Victim's rival investigated

Sunday, February 26, 2012
Oxford Eagle

Police investigate rival in developer's death

Staff Writer

Officials are investigating whether realtor Bruno Coleman was involved in the January 13 death of Philip Fontaine, a developer commonly known to be Coleman's business rival, sources close to the case say.

The Fontaine residence on North Lamar was in disarray and Fontaine was stabbed after struggling with his assailant, leading Yoknapatawpha County Sheriff's Department investigators initially to pursue the case as a botched robbery.

But witness interviews and new evidence suggest Fontaine's killer may have ransacked the house in an effort to lead police astray, according to a source familiar with the investigation.

Sheriff's Department public information officer Elizabeth Jones would not confirm whether Coleman is an official suspect, saying only that deputies are questioning all Fontaine's known associates. However, the Eagle has learned that search warrants for Coleman's home and for "biological samples," such as hair and DNA from Coleman, have been issued. Similar search warrants were also issued for two other persons of interest, both current or former Fontaine employees.

Jones confirmed, however, that although a robbery did take place, it may not have been the primary motive for the break-in. Jewelry and other valuables were not stolen, Jones said.

"We're continuing our investigation and intend to act when and only when the evidence dictates," she said.

Coleman refused to comment, referring all enquiries to his attorney.

A long-time Oxford realtor, Coleman waged several high-profile battles with Fontaine over acquisition of land for development projects. In 1994 both businessmen submitted bids to develop what is now the Eastgate Shopping Centre, publishing warring attack ads in the Eagle, and Coleman's office was vandalized by unknown miscreants. Neither received the bid.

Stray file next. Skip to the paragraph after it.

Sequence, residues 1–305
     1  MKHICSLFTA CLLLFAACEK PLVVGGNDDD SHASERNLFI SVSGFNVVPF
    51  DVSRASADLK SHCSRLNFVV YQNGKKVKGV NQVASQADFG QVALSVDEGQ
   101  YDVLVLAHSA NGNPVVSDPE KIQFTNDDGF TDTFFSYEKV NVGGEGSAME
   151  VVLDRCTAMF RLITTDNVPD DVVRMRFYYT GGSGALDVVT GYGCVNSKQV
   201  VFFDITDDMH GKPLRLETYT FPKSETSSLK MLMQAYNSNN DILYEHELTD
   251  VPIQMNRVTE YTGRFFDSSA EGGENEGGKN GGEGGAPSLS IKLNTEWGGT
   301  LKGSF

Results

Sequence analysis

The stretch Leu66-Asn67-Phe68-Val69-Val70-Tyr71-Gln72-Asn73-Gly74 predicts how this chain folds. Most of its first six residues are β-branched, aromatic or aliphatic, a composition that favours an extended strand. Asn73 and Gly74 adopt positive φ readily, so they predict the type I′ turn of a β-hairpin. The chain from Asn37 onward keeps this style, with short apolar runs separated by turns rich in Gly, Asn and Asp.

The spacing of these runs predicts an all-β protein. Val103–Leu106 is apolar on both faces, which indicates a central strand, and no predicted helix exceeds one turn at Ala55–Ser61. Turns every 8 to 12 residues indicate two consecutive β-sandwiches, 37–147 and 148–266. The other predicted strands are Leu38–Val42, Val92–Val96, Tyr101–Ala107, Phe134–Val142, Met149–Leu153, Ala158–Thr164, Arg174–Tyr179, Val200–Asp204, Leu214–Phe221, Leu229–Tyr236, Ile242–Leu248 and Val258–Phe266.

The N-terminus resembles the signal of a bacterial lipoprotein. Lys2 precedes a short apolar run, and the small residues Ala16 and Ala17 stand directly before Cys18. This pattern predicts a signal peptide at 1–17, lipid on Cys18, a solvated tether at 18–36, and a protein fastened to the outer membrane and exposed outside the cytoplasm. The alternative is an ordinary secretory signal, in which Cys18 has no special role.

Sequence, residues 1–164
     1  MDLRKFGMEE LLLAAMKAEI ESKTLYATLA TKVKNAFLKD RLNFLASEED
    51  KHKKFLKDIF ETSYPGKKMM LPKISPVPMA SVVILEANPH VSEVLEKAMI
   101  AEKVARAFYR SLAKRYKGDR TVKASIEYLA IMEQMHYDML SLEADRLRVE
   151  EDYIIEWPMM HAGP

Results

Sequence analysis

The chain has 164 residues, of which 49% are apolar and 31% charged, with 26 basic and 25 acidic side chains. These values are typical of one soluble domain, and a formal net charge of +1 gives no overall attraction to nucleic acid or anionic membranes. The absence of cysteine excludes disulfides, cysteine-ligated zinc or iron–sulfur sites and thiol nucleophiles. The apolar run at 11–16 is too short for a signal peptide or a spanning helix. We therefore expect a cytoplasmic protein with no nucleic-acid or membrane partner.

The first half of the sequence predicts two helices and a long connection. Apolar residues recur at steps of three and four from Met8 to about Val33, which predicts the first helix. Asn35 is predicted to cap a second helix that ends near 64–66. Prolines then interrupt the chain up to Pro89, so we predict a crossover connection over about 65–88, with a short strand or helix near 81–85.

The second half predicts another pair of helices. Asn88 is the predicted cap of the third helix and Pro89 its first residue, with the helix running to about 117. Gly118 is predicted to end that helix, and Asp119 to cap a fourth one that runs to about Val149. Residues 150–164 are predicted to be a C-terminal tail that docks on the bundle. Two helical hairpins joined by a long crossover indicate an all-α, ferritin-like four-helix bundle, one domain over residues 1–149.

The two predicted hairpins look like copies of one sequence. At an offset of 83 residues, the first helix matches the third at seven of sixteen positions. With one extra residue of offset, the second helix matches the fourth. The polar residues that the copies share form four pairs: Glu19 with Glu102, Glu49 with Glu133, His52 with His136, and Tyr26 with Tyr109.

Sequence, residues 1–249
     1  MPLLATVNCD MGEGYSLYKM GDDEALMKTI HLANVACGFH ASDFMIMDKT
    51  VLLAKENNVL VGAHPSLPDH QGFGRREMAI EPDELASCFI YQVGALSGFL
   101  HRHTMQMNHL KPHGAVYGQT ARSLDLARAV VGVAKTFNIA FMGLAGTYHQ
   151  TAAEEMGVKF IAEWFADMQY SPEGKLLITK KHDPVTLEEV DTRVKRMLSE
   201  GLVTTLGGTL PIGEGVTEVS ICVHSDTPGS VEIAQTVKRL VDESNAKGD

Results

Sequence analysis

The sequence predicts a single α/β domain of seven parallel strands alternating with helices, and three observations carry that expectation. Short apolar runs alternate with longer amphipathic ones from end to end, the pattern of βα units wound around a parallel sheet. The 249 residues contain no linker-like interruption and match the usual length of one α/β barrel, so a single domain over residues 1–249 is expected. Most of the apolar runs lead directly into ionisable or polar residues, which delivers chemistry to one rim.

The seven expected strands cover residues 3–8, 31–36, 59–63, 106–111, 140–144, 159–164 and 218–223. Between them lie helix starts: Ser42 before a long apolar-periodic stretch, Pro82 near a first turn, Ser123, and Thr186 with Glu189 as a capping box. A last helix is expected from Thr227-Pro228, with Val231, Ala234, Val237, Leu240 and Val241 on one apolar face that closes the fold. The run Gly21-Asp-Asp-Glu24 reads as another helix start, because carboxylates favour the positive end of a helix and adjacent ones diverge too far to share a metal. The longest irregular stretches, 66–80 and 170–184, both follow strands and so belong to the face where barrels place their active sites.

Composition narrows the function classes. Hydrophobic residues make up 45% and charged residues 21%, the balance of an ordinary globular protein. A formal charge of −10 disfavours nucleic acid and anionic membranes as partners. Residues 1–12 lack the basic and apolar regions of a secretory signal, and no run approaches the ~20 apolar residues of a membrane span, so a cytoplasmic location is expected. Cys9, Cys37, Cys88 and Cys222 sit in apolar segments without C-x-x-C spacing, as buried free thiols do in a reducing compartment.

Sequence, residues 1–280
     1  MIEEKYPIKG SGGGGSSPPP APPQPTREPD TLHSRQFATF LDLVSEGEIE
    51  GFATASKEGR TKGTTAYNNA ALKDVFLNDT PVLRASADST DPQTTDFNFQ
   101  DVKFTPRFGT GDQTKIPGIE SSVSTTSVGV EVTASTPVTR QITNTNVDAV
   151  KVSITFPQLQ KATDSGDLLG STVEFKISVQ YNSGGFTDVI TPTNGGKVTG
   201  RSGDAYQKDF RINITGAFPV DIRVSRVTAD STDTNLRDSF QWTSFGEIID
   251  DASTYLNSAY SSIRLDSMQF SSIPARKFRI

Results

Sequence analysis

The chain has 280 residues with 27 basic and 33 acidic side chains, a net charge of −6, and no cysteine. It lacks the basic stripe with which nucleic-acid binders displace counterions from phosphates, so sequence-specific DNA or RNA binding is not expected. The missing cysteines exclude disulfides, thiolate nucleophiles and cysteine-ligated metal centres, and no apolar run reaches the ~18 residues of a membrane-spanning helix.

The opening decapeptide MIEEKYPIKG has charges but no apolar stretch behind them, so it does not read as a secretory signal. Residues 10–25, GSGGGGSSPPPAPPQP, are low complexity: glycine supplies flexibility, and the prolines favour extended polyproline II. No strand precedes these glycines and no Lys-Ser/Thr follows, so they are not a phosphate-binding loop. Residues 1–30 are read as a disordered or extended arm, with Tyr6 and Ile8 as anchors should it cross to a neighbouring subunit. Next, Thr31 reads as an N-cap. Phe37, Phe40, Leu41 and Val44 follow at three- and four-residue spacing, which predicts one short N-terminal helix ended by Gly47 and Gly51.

In 1998, Coleman outbid Fontaine to obtain the former Draylor ranch, now the 200-acre Arden Park Senior Estates.

In late 2011, Coleman and Fontaine were involved in a physical altercation in the Oxford Branch of BancorpSouth that resulted in both men being removed to the Yoknapatawpha Sheriff's Office.

When Fontaine died, he was competing with Coleman for a state redevelopment grant to help the region's economic recovery. Fontaine had proposed razing three struggling farms along Highway 7 to build a retail shopping center, while Coleman planned renovation and expansion of the Oxford Centre to five stories.

John Franklin, owner of one of the three farms that Fontaine proposed razing, declared that "Mr. Coleman would never do such a thing. I've always been a big supporter of his and I never liked Fontaine a bit. "

Sources at the Yoknapatawpha Sheriff's Office say the investigation is ongoing.


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People in this conversation

  • About John Franklin

    Here is what i managed to lavage out.

    From John Franklin interview:

    John Franklin: Coleman paid me to be unreasonable. He didn't want Fontaine getting the land.
    John Franklin: The situation was a little more complicated than just Coleman and Fontaine.
    John Franklin: I got Fontaine shoveling money through my front door, Coleman shoveling it through my back door, and then someone else starts tapping at the window.
    John Franklin: Lady Fontaine is tired of Oxford, Mississippi. She wants to leave this backwater and see the world.
    John Franklin: She asked me not to sell. If Fontaine got my farm and the project went ahead, they'd be trapped here for years. She couldn't wait that long to get out.
    Detective Armstrong: Did she pay you too?
    John Franklin: She did at that.
    John Franklin: Said she'd buy jewelry and then return it. Said Fontaine didn't notice that he never saw it again.
    John Franklin: Said she'd buy jewelry and then return it. Said Fontaine didn't notice that he never saw it again.
    john Franklin: He showed up with a bottle of bourbon and tried to convince me to flat out laugh in Fontaine's face. I think Coleman was afraid I might double-cross him.

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